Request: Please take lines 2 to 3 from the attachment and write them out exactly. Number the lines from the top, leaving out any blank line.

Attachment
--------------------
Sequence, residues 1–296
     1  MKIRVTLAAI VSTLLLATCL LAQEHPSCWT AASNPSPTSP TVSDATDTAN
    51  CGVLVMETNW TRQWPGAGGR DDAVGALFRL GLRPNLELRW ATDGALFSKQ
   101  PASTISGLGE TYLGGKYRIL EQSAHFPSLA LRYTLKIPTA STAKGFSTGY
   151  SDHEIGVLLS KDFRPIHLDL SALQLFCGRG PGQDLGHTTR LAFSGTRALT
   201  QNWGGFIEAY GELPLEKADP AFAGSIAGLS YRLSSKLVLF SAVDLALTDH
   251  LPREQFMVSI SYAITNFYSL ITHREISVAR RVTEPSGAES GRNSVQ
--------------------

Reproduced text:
     1  MKIRVTLAAI VSTLLLATCL LAQEHPSCWT AASNPSPTSP TVSDATDTAN
    51  CGVLVMETNW TRQWPGAGGR DDAVGALFRL GLRPNLELRW ATDGALFSKQ